One of capitalism’s greatest virtues is the wide array of preferences it allows entrepreneurs to cater to—including the preferences of those who claim to disdain capitalism. I noticed just just how wide this week while attending an event on antiwar voters at Washington, D.C.’s Busboys and Poets, a new establishment—combination restaurant, bar, cafÃ©, and lefty bookstore—that seems to be trying to establish itself as a hub of left-wing activism and networking. Just the place to for bandanna-wearing college kids to unwind after an afternoon of hurling epithets towards the World Bank headquarters? Well, not exactly. The first thing I noticed about the place is how new, sleek, and busy it was. In fact, my first reaction was, “What a successful business!” Of course, the dÃ©cor is self-conscious in its political identity, which is something else it’s selling—consumption as a value expression. Reason magazine’s Kerry Howley’s observation about an earlier iteration of such consumption-as-moral-statement, Fair Trade coffee, could just as well apply to this left-wing theme restaurant:
“Today, consumers are driving a market for coffee that transforms the act of drinking into a muted act of rebellion against a centuries-old system of exchange. Yet what is revolutionary about Fair Trade is not the brand’s focus on poverty but the suggestion that consumption is a moral response to inequality. ‘Instead of boycotting the wrong kind of wine or the wrong kind of rice,’ explains [Scott] Hamrah, the semiotics consultant [in the field of brand identity], ‘we can now buy the right kind, the moral kind, and buy more.'”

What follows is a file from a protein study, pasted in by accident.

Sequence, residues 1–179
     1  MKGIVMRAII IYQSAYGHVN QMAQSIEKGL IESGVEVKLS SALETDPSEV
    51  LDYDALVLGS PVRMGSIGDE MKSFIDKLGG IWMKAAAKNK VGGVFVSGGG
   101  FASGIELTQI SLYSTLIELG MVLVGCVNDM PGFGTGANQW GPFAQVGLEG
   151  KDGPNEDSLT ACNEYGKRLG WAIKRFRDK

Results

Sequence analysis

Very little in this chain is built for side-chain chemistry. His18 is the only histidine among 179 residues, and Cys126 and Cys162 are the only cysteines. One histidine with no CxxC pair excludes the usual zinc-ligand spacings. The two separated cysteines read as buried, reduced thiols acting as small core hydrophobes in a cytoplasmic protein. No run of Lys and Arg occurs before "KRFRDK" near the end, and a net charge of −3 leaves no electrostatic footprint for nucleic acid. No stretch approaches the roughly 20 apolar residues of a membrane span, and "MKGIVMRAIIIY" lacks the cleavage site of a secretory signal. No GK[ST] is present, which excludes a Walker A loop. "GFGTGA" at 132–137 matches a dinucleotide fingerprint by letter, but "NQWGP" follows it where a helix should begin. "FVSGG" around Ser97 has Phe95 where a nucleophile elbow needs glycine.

Which in the case of Busboys and Poets is all fine and well (Fair Trade coffee is not quite so harmless, but I recommend reading Kerry Howley’s article, linked above for more on that). It’s giving its customers what they want and it’s doing it well. And it doesn’t even need to stick to self-conscious niche; I found the locale comfortable and spacious, and the food and service both very good. I’ve even thought of a better name for it: the Hard Left CafÃ©.